for an a man be dumb, so be as he's courteous, he will still speak
when he was spoken to, methinks."

By this time the sailor, Tom, who was a man of great personal
strength, seemed to have conceived some suspicion of these two
speechless figures; and being soberer than his captain, stepped
suddenly before him, took Lawless roughly by the shoulder, and
asked him, with an oath, what ailed him that he held his tongue.
To this the outlaw, thinking all was over, made answer by a
wrestling feint that stretched the sailor on the sand, and, calling
upon Dick to follow him, took to his heels among the lumber.

The affair passed in a second.  Before Dick could run at all,
Arblaster had him in his arms; Tom, crawling on his face, had
caught him by one foot, and the third man had a drawn cutlass
brandishing above his head.

It was not so much the danger, it was not so much the annoyance,
that now bowed down the spirits of young Shelton; it was the
profound humiliation to have escaped Sir Daniel, convinced Lord
Risingham, and now fall helpless in the hands of this old, drunken
sailor; and not merely helpless, but, as his conscience loudly told
him when it was too late, actually guilty - actually the bankrupt
debtor of the man whose ship he had stolen and lost.

"Bring me him back into the alehouse, till I see his face," said
Arblaster.

"Nay, nay," returned Tom; "but let us first unload his wallet, lest
the other lads cry share."

But though he was searched from head to foot, not a penny was found
upon him; nothing but Lord Foxham's signet, which they plucked
savagely from his finger.

"Turn me him to the moon," said the skipper; and taking Dick by the
chin, he cruelly jerked his head into the air.  "Blessed Virgin!"
he cried, "it is the pirate!"

"Hey!" cried Tom.

"By the Virgin of Bordeaux, it is the man himself!" repeated
Arblaster.  "What, sea-thief, do I hold you?" he cried.  "Where is
my ship?  Where is my wine?  Hey! have I you in my hands?  Tom,
give me one end of a cord here; I will so truss me this sea-thief,
hand and foot together, like a basting turkey - marry, I will so
bind him up - and thereafter I will so beat - so beat him!"

And so he ran on, winding the cord meanwhile about Dick's limbs
with the dexterity peculiar to seamen, and at every turn and cross
securing it with a knot, and tightening the whole fabric with a
savage pull.

When he had done, the lad was a mere package in his hands - as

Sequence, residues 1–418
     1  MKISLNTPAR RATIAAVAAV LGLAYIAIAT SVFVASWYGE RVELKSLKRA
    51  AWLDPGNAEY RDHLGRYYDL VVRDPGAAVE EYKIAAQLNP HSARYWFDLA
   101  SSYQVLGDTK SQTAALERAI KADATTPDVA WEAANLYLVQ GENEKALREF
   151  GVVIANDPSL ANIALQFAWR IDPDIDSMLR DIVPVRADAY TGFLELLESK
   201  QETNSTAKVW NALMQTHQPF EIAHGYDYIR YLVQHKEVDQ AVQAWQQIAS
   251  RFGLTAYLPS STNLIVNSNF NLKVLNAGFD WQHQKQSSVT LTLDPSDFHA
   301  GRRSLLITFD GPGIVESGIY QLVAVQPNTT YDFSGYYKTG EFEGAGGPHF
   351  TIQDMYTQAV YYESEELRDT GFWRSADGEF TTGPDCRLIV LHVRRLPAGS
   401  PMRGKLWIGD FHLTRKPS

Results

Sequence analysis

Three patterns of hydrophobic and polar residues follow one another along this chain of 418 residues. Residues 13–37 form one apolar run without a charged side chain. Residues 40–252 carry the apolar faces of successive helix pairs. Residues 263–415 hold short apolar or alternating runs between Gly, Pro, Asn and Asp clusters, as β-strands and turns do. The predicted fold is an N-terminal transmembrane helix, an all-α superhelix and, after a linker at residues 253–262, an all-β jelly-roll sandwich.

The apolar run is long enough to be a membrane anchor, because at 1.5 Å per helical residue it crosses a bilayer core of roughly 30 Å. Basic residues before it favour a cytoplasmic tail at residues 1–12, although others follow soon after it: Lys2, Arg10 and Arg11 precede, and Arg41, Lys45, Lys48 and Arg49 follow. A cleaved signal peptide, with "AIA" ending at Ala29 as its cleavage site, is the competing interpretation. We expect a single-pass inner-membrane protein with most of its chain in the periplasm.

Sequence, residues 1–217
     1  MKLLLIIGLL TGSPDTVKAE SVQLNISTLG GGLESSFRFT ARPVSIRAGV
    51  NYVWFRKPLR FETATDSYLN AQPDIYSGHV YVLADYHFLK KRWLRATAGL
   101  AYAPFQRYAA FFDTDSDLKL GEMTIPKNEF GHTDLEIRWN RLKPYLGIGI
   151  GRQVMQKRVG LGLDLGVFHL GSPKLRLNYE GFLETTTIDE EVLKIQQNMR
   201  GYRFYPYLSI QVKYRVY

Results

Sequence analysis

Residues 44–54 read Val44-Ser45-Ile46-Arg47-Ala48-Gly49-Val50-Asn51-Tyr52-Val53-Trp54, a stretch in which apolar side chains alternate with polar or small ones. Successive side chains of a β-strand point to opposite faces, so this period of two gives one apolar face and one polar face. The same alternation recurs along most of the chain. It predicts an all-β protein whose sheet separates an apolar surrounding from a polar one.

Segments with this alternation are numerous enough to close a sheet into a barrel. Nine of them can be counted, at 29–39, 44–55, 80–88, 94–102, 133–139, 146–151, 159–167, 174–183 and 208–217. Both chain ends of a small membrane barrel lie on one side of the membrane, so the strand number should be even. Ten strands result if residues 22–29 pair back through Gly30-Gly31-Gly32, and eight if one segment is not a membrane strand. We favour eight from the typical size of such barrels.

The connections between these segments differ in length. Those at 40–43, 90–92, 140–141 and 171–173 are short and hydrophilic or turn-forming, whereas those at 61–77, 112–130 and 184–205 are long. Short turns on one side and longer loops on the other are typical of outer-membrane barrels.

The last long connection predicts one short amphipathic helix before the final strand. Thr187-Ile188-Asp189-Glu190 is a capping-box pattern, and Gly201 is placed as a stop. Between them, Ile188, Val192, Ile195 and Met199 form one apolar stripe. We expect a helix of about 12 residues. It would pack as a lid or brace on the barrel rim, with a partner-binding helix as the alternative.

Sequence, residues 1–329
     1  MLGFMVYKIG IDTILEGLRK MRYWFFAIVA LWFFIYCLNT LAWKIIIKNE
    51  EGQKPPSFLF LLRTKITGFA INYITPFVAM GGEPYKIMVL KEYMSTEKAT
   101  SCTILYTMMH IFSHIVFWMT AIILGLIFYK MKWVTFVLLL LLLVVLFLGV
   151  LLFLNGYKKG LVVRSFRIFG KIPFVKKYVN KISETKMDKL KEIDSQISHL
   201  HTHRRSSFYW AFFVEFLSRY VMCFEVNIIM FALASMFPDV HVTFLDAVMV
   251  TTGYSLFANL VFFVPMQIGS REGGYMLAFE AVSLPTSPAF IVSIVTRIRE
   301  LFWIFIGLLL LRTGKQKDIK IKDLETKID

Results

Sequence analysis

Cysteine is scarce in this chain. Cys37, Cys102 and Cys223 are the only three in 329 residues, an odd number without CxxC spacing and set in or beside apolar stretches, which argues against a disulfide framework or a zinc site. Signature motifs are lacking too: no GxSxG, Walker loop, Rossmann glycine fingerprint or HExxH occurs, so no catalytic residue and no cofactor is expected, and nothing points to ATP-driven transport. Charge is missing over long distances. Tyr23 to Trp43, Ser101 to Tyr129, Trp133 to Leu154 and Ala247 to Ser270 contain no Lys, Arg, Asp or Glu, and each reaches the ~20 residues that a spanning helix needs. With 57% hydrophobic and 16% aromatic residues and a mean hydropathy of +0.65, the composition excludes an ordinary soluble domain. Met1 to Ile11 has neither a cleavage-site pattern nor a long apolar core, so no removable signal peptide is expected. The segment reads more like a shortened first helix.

helpless as the dead.  The skipper held him at arm's length, and
laughed aloud.  Then he fetched him a stunning buffet on the ear;
and then turned him about, and furiously kicked and kicked him.
Anger rose up in Dick's bosom like a storm; anger strangled him,
and he thought to have died; but when the sailor, tired of this
cruel play, dropped him all his length upon the sand and turned to
consult with his companions, he instantly regained command of his
temper.  Here was a momentary respite; ere they began again to
torture him, he might have found some method to escape from this
degrading and fatal misadventure.

Presently, sure enough, and while his captors were still discussing
what to do with him, he took heart of grace, and, with a pretty
steady voice, addressed them.

"My masters," he began, "are ye gone clean foolish?  Here hath
Heaven put into your hands as pretty an occasion to grow rich as
ever shipman had - such as ye might make thirty over-sea adventures
and not find again - and, by the mass I what do ye?  Beat me? -
nay; so would an angry child!  But for long-headed tarry-Johns,
that fear not fire nor water, and that love gold as they love beef,
methinks ye are not wise."

"Ay," said Tom, "now y' are trussed ye would cozen us."

"Cozen you!" repeated Dick.  "Nay, if ye be fools, it would be
easy.  But if ye be shrewd fellows, as I trow ye are, ye can see
plainly where your interest lies.  When I took your ship from you,
we were many, we were well clad and armed; but now, bethink you a
little, who mustered that array?  One incontestably that hath much
gold.  And if he, being already rich, continueth to hunt after more
even in the face of storms - bethink you once more - shall there
not be a treasure somewhere hidden?"

"What meaneth he?" asked one of the men.

"Why, if ye have lost an old skiff and a few jugs of vinegary
wine," continued Dick, "forget them, for the trash they are; and do
ye rather buckle to an adventure worth the name, that shall, in
twelve hours, make or mar you for ever.  But take me up from where
I lie, and let us go somewhere near at hand and talk across a
flagon, for I am sore and frozen, and my mouth is half among the
snow."

"He seeks but to cozen us," said Tom, contemptuously.

"Cozen! cozen!" cried the third man.  "I would I could see the man
that could cozen me!  He were a cozener indeed!  Nay, I was not